US ruling on abortion: Clarence Thomas wants to impose limits on same-sex marriage and access to birth control

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Supreme Court Justice Clarence Thomas has revealed he has laws protecting same-sex marriage and birth control in his sights, after rejecting Roe v. Wade.

Following Friday’s landmark decision, Thomas called on fellow lawyers to reverse previous decisions that followed similar legal precedent.

Prospective legislative changes, released in a concurring opinion of the decision authored by Thomas, would see limits placed on same-sex marriage, same-sex sexual activity and citizens’ access to birth control.

It comes as the Supreme Court controversially elected to overturn Roe v. Wade, a nearly 50-year-old ruling that granted women the constitutional right to abortion.

Supreme Court Justice Clarence Thomas called on fellow lawyers to overturn previous landmark rulings after the court dismissed Roe v. wade friday

A woman cries outside the Supreme Court on Friday morning after the court ruled that the

A woman cries outside the Supreme Court on Friday morning after the court ruled that the ‘Constitution does not confer the right to abortion’

Rep. Alexandria Ocasio-Cortez appeared in front of the Supreme Court among the crowd following the Supreme Court's release of the Dobbs decision ending abortion protections

Rep. Alexandria Ocasio-Cortez appeared in front of the Supreme Court among the crowd following the Supreme Court’s release of the Dobbs decision ending abortion protections

Pro-life activists cheer outside the Supreme Court on Friday morning after hearing that the High Court had overturned Roe v.  wade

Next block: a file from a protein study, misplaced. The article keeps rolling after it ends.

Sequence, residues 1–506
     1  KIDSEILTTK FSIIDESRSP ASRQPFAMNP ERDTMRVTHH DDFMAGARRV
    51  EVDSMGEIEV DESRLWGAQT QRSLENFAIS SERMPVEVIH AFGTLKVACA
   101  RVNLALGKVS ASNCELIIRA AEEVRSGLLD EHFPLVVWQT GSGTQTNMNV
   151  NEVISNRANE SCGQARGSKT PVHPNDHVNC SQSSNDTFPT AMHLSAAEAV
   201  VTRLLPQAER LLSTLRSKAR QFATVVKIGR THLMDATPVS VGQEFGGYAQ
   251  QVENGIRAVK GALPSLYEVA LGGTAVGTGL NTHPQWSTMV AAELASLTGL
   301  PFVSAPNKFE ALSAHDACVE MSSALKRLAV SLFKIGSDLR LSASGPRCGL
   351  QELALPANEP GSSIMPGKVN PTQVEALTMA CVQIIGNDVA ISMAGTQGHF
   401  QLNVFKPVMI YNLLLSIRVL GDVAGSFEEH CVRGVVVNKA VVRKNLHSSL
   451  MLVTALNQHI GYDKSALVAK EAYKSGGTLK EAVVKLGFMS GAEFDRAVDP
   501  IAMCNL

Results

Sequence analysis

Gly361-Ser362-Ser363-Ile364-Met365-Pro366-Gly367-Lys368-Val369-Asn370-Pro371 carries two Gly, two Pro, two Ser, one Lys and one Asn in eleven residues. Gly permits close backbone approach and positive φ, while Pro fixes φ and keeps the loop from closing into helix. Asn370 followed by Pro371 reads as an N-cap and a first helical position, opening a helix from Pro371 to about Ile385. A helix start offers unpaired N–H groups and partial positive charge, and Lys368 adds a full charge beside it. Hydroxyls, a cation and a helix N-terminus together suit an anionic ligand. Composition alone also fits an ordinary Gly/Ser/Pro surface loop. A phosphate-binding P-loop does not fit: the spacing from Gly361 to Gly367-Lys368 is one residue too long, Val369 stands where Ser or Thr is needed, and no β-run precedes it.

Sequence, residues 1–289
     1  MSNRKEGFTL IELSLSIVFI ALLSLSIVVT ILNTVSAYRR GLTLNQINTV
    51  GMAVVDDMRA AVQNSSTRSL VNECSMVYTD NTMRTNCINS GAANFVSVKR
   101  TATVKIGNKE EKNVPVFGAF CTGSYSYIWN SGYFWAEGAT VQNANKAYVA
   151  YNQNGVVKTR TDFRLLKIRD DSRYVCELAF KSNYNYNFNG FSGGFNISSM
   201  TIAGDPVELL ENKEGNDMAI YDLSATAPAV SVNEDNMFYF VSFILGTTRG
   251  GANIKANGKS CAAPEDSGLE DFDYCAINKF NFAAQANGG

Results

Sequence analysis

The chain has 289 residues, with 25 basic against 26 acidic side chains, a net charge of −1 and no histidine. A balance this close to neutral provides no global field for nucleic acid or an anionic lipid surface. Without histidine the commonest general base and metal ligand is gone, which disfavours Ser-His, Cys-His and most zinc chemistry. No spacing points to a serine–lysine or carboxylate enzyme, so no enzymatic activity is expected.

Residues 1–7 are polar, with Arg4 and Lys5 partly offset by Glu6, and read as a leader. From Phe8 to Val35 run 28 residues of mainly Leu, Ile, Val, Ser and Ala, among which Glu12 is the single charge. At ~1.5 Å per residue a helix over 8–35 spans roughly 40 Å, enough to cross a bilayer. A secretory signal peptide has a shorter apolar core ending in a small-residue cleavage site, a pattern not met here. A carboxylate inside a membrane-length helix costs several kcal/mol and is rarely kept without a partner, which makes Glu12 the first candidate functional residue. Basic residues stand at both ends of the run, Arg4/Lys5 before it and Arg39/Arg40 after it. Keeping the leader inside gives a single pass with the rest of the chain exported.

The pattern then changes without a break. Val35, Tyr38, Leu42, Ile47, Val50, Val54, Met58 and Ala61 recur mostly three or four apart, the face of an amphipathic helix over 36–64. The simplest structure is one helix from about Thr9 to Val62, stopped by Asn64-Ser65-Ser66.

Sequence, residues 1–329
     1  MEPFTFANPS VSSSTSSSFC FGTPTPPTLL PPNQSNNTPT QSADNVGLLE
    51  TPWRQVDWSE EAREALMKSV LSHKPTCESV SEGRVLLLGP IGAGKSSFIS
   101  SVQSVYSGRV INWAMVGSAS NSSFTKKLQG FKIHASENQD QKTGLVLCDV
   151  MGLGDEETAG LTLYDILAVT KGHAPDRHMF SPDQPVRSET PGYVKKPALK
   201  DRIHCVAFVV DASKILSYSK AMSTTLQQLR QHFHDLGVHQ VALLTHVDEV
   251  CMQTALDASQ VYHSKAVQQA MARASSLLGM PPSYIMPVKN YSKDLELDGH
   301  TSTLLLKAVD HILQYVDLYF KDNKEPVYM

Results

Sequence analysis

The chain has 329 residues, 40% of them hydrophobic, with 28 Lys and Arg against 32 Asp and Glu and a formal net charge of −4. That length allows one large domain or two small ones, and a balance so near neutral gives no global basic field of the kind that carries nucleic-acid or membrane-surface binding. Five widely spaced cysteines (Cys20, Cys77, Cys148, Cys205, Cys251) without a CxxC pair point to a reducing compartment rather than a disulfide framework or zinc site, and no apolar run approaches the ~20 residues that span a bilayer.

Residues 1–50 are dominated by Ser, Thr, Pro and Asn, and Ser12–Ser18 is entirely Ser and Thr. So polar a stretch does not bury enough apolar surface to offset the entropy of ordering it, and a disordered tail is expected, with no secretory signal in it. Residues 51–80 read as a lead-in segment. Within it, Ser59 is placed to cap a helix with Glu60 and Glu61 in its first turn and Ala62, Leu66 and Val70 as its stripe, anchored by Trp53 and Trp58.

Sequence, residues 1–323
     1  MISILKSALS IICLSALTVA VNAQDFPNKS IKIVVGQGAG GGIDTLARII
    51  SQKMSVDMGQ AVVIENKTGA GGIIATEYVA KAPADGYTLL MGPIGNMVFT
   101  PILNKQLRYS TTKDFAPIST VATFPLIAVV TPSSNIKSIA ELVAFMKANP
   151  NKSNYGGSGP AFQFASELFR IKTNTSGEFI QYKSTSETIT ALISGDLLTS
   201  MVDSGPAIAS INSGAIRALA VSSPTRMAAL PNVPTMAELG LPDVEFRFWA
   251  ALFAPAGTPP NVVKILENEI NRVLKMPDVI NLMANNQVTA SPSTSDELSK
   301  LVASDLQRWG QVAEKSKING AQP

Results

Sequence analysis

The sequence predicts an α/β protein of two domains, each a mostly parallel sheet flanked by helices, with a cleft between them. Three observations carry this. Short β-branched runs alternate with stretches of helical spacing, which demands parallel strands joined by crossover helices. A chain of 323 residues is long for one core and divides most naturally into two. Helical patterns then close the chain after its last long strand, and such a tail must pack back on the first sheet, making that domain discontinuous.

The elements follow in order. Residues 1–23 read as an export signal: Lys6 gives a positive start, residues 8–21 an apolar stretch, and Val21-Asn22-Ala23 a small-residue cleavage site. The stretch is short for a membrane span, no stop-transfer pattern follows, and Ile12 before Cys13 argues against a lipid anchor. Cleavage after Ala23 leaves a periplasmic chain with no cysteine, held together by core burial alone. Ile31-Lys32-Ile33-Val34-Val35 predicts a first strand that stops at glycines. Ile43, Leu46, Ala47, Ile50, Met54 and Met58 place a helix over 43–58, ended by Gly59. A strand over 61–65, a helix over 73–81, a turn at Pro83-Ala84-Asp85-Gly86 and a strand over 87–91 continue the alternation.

Pro-life activists cheer outside the Supreme Court on Friday morning after hearing that the High Court had overturned Roe v. wade

Democratic members of Congress walk out of the Capitol to the Supreme Court to join pro-choice protesters outside the Supreme Court on Friday morning

Democratic members of Congress walk out of the Capitol to the Supreme Court to join pro-choice protesters outside the Supreme Court on Friday morning

Senator Elizabeth Warren joins the crowd outside the Massachusetts State House after the Supreme Court decided to overturn Roe v.  wade

Senator Elizabeth Warren joins the crowd outside the Massachusetts State House after the Supreme Court decided to overturn Roe v. wade

In his separate opinion also published on Friday, Thomas – the court’s most senior judge – welcomed the guidelines, but noted how they failed to address citizens’ rights outside of abortion.

The 74-year-old judge, appointed by President George HW Bush, went on to say the court should reconsider other cases of due process precedent.

Thomas’ argument was rooted in the belief that since the Constitution’s due process clause was found not to guarantee the right to an abortion in Friday’s ruling, the court should apply the same logic to other historical cases.